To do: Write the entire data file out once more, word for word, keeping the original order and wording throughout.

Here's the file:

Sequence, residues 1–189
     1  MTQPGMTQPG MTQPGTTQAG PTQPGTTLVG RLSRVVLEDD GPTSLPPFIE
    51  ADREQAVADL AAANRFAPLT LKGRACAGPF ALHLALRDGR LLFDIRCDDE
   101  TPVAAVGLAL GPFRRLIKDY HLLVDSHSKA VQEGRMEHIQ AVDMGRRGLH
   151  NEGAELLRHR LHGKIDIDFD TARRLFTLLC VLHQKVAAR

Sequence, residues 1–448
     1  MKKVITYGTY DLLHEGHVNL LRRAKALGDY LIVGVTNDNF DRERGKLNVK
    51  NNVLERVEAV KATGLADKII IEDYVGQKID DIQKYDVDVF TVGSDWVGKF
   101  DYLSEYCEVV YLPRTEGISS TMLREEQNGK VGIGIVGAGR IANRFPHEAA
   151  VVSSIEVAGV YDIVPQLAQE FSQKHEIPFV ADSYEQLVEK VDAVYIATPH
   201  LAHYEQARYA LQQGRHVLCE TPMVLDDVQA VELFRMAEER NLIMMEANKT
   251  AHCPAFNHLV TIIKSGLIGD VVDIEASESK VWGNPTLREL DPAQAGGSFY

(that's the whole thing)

Sequence, residues 1–189
     1  MTQPGMTQPG MTQPGTTQAG PTQPGTTLVG RLSRVVLEDD GPTSLPPFIE
    51  ADREQAVADL AAANRFAPLT LKGRACAGPF ALHLALRDGR LLFDIRCDDE
   101  TPVAAVGLAL GPFRRLIKDY HLLVDSHSKA VQEGRMEHIQ AVDMGRRGLH
   151  NEGAELLRHR LHGKIDIDFD TARRLFTLLC VLHQKVAAR

Sequence, residues 1–448
     1  MKKVITYGTY DLLHEGHVNL LRRAKALGDY LIVGVTNDNF DRERGKLNVK
    51  NNVLERVEAV KATGLADKII IEDYVGQKID DIQKYDVDVF TVGSDWVGKF
   101  DYLSEYCEVV YLPRTEGISS TMLREEQNGK VGIGIVGAGR IANRFPHEAA
   151  VVSSIEVAGV YDIVPQLAQE FSQKHEIPFV ADSYEQLVEK VDAVYIATPH
   201  LAHYEQARYA LQQGRHVLCE TPMVLDDVQA VELFRMAEER NLIMMEANKT
   251  AHCPAFNHLV TIIKSGLIGD VVDIEASESK VWGNPTLREL DPAQAGGSFY